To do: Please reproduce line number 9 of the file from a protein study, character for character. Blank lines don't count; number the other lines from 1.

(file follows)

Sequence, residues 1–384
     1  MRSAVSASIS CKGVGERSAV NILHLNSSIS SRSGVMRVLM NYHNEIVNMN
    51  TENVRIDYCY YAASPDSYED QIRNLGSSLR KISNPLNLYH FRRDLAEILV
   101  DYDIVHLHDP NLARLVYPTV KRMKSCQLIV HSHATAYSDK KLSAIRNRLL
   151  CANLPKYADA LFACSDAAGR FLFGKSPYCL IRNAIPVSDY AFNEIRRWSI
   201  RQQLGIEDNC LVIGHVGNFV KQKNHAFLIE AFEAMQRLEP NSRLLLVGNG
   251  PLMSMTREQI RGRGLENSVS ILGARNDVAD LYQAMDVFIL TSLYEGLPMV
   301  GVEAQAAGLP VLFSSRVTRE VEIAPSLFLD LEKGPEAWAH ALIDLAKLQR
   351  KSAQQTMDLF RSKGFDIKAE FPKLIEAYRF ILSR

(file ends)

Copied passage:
   351  KSAQQTMDLF RSKGFDIKAE FPKLIEAYRF ILSR